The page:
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The gift of life

10-year-old Gift was very sick when he arrived at the Kamuzu Central Hospital in Malawi. He had travelled with his family from a small village 80km from the hospital.

When Gift arrived, he was too ill for doctors to even get him on a scale. Doctors could see that he was extremely underweight for his age.

Gift’s tummy was distended, it was clear he needed an operation. The surgeon found that his tummy was full of pus and his bowel had become matted together. The medical team suspected Gift had a leak in his intestine, but he was too ill for them to investigate further. All they could do in the first operation was to insert a drain in the hope they could drain out some of the infection from his tummy.

In the next operation the surgeon found the source of the leak in Gift’s bowel. The team made a stoma so that faeces would stop leaking into his stomach. Gift was so malnourished and had so much infection in his body caused by the leak, doctors thought it was extremely unlikely that he could survive.

Two days after the second operation, Gift became sicker, his tummy was swelling again and the surgeons had to do a third operation to investigate – they found another leak, this time higher up in his bowel. Surgeons had to create another stoma. High stomas are difficult to manage even in well resourced hospitals. On the ward in the Kamuzu Central Hospital there can be one nurse to 30 patients, at night it can be one nurse to 60.

It was difficult to prevent faeces from leaking around this stoma, and Gift was not gaining weight. Gift became depressed and was not interested in food. The medical team managed to borrow a tablet and he watched Finding Nemo in the hope it would cheer him up, but he was fading away.

Doctors managed to get Gift into a wheelchair and his mother took him outside so he could feel the sun on his face once more. The next day the output from his bowel stopped being quite so liquid. The team managed to get him onto the scales. At 10 years old he weighed just under 2 stone, the weight of an average two-year-old.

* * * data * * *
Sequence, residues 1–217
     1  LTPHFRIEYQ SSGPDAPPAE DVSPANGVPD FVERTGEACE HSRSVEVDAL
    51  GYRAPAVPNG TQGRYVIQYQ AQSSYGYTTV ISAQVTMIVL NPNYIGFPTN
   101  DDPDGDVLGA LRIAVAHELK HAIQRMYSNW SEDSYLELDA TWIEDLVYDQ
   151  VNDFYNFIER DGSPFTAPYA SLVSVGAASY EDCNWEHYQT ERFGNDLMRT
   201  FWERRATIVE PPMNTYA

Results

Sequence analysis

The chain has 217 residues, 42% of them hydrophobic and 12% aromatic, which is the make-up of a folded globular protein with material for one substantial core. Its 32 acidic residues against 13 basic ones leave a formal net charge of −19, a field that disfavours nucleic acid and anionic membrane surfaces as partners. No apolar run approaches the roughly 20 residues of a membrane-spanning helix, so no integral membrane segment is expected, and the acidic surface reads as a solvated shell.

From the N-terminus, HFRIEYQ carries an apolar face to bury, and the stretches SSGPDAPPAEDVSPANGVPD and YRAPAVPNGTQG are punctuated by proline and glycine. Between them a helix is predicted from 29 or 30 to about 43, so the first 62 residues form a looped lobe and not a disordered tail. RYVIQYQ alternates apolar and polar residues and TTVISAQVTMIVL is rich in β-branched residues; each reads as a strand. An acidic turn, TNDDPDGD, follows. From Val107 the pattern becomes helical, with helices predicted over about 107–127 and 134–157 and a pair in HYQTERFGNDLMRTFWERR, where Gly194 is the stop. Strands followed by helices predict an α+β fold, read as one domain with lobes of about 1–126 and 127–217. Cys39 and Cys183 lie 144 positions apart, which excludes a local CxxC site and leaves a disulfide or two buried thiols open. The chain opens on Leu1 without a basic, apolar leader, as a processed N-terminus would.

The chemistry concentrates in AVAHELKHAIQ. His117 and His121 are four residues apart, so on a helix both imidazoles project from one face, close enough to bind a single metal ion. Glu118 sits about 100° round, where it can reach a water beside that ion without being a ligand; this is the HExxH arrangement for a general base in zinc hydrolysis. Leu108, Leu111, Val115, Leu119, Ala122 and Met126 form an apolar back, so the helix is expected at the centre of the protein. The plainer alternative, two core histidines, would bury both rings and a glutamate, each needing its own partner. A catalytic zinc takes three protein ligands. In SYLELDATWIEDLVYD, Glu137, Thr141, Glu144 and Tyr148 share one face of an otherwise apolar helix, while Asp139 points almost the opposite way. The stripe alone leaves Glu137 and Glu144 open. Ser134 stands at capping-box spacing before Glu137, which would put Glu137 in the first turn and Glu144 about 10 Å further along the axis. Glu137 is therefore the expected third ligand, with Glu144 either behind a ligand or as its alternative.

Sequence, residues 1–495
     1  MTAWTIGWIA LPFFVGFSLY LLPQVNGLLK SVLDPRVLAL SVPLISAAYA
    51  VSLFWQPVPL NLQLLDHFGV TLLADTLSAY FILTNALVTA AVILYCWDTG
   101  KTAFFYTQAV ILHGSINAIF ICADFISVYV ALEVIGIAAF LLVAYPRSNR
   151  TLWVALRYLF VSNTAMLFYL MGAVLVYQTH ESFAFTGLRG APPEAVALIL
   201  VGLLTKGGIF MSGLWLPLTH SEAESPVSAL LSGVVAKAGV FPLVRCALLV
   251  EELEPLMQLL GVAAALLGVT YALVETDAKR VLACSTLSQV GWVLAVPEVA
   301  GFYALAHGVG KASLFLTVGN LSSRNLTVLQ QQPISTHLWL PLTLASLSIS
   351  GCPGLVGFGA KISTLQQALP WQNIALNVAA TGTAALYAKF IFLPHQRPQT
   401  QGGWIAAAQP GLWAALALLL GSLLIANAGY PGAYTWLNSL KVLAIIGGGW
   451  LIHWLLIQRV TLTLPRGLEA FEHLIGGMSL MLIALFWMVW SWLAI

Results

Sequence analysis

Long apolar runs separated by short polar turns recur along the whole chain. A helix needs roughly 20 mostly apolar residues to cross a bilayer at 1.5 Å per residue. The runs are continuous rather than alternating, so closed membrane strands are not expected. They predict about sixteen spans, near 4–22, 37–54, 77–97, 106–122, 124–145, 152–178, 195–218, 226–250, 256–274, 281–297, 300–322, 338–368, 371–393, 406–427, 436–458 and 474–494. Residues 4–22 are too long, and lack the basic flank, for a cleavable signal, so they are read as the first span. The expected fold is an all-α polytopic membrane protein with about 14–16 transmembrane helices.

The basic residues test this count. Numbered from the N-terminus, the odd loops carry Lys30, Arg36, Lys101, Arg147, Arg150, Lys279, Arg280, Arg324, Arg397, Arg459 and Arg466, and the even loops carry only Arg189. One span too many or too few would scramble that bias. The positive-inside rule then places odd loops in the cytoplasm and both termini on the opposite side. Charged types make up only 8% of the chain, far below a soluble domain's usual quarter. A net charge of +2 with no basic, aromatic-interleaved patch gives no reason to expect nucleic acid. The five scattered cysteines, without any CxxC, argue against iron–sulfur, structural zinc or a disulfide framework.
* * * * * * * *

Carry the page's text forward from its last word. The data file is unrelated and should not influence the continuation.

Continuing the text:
Slowly Gift turned a corner, he began to put on weight. His body is still extremely thin, but his face has begun to fill out. His father is a farmer and earns very little money, his mother has four other children. The family had to find the money to buy eggs every day to try and help Gift to put on weight. His mother says:

' At home we cannot afford eggs every day, they are expensive but we knew that Gift needed to have them, the hospital offered to help us buy them also.

‘Gift has had multiple surgeries and we have been at the hospital for two months to support him. I have my 11-month old baby with me, but I am having to try and keep in touch with my four other children who are 80km away. I thank the doctors so much for saving Gift’s life.’

The surgery that Gift needed to save his life was complicated. It needed the right equipment and a skilled paediatric surgeon to carry out the operations. All of Gift’s surgeries were carried out in the KidsOR operating room in the Kamuzu Central Hospital.

Gift has now returned home with his family. He is gaining weight and the terrible pains in his tummy have stopped. He is once again taking an interest in playing with his brothers and sisters.

Soon he will return to the hospital and the medical team will join his bowel together again. This is a complicated operation and the outcome is not certain but the doctors are hopeful that the next surgery will be successful.

We hope that Gift will now have the most precious gift of all – A life to look forward to and a childhood to enjoy.

Children like Gift can only be saved if there is a trained paediatric surgeon and an operating room for them to work in.

Can you help us to help more children like Gift? With your help we can give more children just like him the operations they desperately need.

Gift with his family

Gift with his family

Gift has now returned home with his family. He is gaining weight and the terrible pains in his tummy have stopped. He is once again taking an interest in playing with his brothers and sisters.

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